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Monday, April 16th 2007

Should People Be Abel To Sell Their Replacement Parts?

If All Else Fails We Can Just Put This Plastic Kidney In!

Slate has a really great review over the debate of what to do about massive organ donation shortages and the black market to purchase organs around the world.

The data from UNOS is disgusting and so, first and foremost you need to fill out an organ donor card, laminate it, and carry it with you. It is simply irresponsible to merely trust that your loved ones know your wishes.

The most intriguing debate the Slate piece brings up is the suggestion that people should be able to sell their organs. Most notably we’re talking about living donors – such as for Kidneys. They link to this piece by Dr. Arthur Matas.

He wants a single market system, dictated by the government. Who kidneys went to would still be determined by need, but now people could make living donations to strangers and get paid for it, possibly by some sort of insurance fund so as not to discriminate against the poor.

He cites a discrepancy in the practitioner’s versus the average joe’s opinion on the legalization of organ selling (subscription required).

I don’t buy the op ed Slate links to as one of two counter punches against Matas’ ideas. Here, in the same journal, other physicians refute Matas by claiming that a single payer system would decrease the incentive to donate.

If kidneys could be bought, particularly if the government or an insurance entity was paying, then the temptation or even demand not to expose the potential altruistic donor to the risk that is intrinsic to the process could be overwhelming; and it is not only altruistic living kidney donation that could suffer.

They fall short of evidence for their complete point though. Who cares if there’s a fall in altruistic donation as long as there’s an increase in total donation.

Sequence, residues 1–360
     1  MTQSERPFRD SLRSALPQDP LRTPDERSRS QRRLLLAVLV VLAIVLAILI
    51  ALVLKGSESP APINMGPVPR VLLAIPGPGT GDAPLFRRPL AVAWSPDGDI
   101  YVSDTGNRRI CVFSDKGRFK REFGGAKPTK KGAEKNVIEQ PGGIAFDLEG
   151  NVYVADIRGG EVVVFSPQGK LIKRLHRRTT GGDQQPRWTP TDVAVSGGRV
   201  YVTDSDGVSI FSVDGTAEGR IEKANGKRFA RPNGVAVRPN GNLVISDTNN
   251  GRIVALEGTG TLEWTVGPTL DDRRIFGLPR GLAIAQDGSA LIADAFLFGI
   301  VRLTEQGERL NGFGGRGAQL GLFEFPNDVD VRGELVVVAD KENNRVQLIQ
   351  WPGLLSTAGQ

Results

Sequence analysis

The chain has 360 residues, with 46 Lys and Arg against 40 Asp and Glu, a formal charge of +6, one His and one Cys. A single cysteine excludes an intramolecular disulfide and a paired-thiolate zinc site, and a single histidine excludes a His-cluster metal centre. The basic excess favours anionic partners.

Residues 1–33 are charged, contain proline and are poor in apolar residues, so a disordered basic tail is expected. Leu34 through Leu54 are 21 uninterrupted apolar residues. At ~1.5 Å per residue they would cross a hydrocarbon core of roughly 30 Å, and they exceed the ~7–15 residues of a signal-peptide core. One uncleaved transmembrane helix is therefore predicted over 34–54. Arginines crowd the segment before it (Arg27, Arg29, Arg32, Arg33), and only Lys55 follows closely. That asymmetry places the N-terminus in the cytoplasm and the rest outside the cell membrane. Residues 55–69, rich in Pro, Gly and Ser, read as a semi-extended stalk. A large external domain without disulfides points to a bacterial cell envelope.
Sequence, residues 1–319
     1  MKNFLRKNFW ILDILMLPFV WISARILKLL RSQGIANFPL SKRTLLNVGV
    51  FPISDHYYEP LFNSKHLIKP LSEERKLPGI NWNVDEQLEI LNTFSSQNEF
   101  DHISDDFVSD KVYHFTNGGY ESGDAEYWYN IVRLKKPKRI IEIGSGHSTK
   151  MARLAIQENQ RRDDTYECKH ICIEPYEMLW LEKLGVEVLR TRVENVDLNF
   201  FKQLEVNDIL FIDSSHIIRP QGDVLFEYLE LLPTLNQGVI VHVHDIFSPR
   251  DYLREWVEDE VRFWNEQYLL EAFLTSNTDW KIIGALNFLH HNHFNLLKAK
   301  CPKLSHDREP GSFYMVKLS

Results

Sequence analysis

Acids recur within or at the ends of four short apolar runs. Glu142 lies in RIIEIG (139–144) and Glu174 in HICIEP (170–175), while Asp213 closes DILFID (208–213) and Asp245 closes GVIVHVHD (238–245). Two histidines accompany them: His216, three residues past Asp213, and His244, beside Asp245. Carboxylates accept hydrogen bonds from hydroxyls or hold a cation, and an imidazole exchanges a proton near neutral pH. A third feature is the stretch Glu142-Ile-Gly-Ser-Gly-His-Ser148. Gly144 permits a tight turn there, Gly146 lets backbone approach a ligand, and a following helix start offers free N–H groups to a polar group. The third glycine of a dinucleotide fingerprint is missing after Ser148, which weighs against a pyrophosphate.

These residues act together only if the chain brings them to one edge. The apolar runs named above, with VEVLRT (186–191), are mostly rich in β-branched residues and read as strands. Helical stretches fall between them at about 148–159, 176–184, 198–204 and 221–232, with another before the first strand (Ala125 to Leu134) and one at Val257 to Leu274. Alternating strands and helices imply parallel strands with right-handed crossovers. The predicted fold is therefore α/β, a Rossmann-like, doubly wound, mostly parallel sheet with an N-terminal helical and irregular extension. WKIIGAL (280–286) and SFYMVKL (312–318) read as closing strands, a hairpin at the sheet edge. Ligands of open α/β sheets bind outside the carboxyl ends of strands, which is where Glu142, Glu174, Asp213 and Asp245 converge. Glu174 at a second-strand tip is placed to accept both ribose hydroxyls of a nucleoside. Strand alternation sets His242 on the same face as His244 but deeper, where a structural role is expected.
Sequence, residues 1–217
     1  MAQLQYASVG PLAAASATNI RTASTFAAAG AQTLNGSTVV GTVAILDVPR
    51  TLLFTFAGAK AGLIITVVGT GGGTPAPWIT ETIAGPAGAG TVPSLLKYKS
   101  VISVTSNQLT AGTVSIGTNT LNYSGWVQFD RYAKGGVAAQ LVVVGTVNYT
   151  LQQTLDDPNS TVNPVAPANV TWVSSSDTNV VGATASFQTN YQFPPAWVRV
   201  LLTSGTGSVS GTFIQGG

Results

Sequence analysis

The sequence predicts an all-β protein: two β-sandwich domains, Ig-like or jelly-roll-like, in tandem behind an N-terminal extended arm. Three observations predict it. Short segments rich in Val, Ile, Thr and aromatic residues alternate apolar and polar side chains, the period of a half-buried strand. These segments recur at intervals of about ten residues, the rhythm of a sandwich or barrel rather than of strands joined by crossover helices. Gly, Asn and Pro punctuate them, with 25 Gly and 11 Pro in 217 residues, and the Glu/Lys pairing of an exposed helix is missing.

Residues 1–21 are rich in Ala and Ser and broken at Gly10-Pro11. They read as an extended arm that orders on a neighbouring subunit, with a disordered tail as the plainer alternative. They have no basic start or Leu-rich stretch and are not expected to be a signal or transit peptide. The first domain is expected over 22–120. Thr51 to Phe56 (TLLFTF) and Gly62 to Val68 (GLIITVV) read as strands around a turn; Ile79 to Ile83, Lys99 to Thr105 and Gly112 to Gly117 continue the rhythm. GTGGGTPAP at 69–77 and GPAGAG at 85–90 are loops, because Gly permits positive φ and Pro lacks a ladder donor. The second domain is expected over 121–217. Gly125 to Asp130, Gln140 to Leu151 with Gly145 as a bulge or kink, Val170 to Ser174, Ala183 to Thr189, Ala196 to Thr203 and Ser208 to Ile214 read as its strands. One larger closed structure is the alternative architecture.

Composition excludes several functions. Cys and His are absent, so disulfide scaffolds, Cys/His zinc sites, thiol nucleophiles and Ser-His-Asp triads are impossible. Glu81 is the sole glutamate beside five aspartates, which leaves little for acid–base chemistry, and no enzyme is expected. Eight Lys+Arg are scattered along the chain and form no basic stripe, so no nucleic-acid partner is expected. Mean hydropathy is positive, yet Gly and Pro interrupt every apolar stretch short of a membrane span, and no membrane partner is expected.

It is true that such a single payer system would not eliminate the international black market for organs. Which I’ve commented on (also here and elsewhere). But it would probably increase donations and save lives.

Personally, I would go further in decriminalizing sold organs. I find some hypocrisy in the legality of the ban over organ selling. I find some hypocrisy in physicians’ bemoaning the stratification of health care that would occur under such a system (a class of poor donors, a class of wealthy recipients). The proper route doesn’t seem for the government to regulate it, but for practitioners, if they believe it breaks their oaths or challenges their morality, to not be a part of it.

Despite my support of one being allowed to do what he pleases with his own organs, that probably isn’t very realistic any time soon. What is realistic, although controversial in and of itself, is a network which gives precedence to those who are organ donors themselves.

There are bureaucratic troubles with such a setup (when do you allow people to sign the organ donation card? on the operating table when they’re about to receive their new heart?) and there are moral challenges to it, but I think it is a great idea.